Geoff Johns, being so busy with DC’s cinematic ventures, hasn’t written many books in the last few years, but he’s never lost focus on the core of the characters. He’s (arguably) one of the only writers to have a successful Superman run in recent years, and his handy work is apparent in the new Justice League movie, adding the heart that’s been sorely missing in their films so far. Most readers know he can do those types of stories well, but how does Johns handle a dark, hopeless world like we saw in the original Watchmen?
Wasting no time, the story actually starts on the cover, and continues into a familiar 9-panel grid. There are some shots that are purposely reminiscent of the source material, but done tastefully. Fans of Watchmen will feel right at home with the mix of Rorschach’s journal and newscasters narrating over the first half of this issue, as we see the world tearing itself apart. It’s been several years since the events of the original book and the reveal of Ozymandias’s twisted machinations. The public as a whole has become the seething monster he predicted, leaving us to wonder if Rorschach, a man caught between being a hero and a villain himself, made the right call pulling the curtain back.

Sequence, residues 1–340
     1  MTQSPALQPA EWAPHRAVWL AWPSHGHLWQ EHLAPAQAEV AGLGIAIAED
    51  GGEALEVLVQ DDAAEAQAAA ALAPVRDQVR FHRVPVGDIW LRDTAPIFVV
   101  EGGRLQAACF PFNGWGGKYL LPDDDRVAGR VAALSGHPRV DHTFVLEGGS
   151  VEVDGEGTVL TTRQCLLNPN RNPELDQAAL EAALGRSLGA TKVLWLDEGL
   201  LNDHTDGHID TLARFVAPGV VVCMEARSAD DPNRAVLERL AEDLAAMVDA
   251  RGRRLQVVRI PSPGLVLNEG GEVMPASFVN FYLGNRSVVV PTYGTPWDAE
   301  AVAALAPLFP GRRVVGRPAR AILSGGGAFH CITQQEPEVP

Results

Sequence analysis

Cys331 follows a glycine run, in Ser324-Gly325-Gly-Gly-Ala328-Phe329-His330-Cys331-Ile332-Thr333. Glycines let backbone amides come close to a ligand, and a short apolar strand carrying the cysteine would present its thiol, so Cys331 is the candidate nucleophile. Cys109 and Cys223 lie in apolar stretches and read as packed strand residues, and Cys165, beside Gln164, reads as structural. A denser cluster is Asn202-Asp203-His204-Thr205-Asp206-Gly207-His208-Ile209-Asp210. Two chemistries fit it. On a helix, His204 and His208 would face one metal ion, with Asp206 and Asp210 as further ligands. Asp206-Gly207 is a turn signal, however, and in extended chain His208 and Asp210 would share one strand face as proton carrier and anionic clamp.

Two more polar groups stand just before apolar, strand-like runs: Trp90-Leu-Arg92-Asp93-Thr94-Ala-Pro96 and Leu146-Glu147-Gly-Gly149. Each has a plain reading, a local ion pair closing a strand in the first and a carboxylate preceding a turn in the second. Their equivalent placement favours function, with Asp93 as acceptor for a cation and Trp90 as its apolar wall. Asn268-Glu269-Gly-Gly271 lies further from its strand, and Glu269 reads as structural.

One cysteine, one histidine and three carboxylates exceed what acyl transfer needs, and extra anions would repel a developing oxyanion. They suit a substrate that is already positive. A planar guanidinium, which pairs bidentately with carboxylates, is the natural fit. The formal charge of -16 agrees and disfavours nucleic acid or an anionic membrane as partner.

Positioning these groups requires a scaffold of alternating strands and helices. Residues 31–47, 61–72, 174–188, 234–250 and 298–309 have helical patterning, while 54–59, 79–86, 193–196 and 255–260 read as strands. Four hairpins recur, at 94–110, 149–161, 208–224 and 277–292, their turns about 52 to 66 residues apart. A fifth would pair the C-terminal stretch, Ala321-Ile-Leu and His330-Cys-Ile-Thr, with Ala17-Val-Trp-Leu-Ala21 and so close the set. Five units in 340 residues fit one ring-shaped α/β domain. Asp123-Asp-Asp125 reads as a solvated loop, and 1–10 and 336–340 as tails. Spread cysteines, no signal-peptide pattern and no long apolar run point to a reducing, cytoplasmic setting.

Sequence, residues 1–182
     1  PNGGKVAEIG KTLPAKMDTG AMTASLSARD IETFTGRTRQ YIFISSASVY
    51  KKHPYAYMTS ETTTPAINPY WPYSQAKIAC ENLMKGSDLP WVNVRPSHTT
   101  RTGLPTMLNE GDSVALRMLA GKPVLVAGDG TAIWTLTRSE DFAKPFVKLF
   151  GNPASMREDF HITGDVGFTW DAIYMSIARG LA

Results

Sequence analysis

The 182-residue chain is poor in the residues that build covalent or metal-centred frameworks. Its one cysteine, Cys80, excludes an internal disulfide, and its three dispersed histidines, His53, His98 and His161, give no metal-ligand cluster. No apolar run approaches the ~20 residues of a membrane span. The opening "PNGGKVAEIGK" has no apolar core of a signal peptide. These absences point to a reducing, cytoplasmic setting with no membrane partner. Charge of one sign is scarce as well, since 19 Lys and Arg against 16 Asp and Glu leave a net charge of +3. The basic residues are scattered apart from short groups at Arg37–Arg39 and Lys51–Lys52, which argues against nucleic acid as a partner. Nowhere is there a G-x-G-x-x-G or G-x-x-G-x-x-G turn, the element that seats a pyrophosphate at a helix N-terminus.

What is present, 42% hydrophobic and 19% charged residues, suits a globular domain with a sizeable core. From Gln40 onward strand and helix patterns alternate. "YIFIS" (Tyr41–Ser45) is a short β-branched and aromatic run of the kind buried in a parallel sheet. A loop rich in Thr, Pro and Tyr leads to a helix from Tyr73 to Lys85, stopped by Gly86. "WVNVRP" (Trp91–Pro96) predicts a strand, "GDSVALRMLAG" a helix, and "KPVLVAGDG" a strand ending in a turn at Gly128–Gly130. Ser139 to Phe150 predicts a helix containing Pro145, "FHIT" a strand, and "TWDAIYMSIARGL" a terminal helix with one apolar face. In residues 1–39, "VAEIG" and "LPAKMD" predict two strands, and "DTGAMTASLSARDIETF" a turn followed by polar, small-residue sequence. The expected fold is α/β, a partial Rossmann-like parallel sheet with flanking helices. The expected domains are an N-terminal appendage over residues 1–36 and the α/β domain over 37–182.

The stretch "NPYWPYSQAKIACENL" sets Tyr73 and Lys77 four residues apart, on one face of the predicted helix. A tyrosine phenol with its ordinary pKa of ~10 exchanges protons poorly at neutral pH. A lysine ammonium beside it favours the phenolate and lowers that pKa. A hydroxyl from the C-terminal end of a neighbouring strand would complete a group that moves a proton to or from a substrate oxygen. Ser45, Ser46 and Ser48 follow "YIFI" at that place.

(For more commentary on the story, scroll down past the ***SPOILER*** warning.)
Anytime we get some Gary Frank art it’s a treat. He also collaborated with Johns on the aforementioned Action Comics run. He’s always been a detail-heavy artist, and he looks like he took his time breathing life into this book. He nails the mood and established characters, but is still able to inject small touches of humor and comic book bombast into his realistic interpretations. A small bit that stuck out to me was the use of Rorschach’s mask. While it’s literally meant to be left up to the viewer to see what appears in the inkblots, it does seem like Frank orchestrated it to reveal Rorschach’s current state in some panels.